Have a lot of spare computer parts lying around? Then building your own NAS might be your cheapest option. Just build up a working computer with as many hard drives as you can find (or need) and grab yourself some free software like FreeNAS or Openfiler and you're up and running. I wish I could say I had more experience with them but unfortunately I do not, I blame Synology for spoiling me. Of course, you could easily just install a Windows or Linux OS and configure them as a local server with some NFS/CIFS/SAMBA shares or an FTP server or some of the many backup applications out there. When you go custom like this the sky's the limit!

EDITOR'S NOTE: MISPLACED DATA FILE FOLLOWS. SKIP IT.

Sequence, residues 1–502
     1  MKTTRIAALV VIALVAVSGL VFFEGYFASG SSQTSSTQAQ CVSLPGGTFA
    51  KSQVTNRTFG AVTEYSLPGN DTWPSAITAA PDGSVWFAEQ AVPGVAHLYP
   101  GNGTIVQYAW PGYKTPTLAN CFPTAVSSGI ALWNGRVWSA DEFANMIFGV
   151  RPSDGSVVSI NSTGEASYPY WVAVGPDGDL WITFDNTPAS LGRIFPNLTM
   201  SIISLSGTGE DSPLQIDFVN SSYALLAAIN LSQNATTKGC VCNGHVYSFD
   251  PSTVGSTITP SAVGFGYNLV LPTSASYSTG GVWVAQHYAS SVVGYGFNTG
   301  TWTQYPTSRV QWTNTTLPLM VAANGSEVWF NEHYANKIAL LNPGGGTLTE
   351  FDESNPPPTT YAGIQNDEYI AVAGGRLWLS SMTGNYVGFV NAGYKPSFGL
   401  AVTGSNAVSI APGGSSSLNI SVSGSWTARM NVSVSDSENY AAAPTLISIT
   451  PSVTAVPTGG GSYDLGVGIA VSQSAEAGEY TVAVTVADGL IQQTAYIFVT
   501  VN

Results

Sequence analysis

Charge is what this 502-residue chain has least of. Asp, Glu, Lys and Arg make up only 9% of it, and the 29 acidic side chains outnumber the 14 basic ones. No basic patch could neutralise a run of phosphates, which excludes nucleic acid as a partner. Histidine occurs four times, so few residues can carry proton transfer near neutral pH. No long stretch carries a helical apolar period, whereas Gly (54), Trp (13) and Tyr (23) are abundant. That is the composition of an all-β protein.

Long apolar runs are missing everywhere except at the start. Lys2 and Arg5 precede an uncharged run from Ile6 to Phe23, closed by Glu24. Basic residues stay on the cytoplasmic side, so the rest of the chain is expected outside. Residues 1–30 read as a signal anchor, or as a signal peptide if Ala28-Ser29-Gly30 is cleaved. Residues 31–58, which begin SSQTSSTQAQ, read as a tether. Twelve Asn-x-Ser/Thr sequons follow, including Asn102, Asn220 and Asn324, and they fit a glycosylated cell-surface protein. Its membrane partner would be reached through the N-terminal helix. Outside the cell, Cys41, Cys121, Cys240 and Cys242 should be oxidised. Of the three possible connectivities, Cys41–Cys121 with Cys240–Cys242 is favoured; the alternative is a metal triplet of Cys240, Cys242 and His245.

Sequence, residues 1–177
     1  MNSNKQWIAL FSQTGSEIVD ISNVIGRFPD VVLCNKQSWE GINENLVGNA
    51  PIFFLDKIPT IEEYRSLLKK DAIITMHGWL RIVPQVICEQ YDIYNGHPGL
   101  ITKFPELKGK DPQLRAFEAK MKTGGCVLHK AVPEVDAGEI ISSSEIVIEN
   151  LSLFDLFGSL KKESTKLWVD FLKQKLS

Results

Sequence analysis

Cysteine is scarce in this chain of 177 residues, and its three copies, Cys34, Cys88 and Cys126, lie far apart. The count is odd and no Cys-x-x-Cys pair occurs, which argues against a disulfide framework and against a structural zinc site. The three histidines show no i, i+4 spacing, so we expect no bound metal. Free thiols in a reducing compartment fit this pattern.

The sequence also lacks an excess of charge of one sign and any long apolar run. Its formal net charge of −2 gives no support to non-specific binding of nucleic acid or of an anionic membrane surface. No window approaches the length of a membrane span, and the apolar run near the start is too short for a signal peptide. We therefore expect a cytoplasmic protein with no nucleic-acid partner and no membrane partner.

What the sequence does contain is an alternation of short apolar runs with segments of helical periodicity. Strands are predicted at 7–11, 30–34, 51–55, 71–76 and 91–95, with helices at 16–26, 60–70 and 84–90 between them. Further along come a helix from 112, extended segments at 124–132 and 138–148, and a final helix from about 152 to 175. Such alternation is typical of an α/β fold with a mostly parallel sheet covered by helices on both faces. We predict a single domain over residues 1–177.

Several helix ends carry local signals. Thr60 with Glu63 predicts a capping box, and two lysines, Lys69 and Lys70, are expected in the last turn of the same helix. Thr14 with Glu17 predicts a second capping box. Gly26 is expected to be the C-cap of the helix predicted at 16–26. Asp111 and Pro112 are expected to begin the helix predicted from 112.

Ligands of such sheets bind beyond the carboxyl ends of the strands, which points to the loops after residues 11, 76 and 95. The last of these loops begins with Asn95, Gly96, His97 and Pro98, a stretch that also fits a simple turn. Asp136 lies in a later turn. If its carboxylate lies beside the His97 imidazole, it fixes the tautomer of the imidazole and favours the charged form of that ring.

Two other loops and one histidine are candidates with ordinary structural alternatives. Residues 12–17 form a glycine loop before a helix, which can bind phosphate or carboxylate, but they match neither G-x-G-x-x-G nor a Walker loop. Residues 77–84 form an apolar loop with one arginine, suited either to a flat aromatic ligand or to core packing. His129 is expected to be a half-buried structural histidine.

Now before I finish up this post, I want to touch on RAID a bit. RAID is NOT a backup solution. RAID is a hardware redundancy. As I mentioned, my NAS has a single drive in it so no RAID there. My Windows 7 VM and Debian VPS both have hardware RAID as does CrashPlan's servers (at least I hope they do). If you can afford it, RAID is always the best option but it's not a guarantee which is why multiple backups are the best solution.

I could go on and on about backups but I think this post is a good starter post regarding backups. I'll put out more specific posts in the future. :)


John James 09-15-2016 @ 3:01PM EDT

Thank you so much for this list. I will post it in our Seller’s Bootcamp at Any new business starting out can at least focus their resources elsewhere. Cheers, Christine

dedicated hosting 09-15-2016 @ 2:30PM EDT

Such a great post with great information for small business owners! Thanks so much!

jacob wallace 09-12-2016 @ 12:44PM EDT

Such a great post with great information for small business owners! Thanks so much!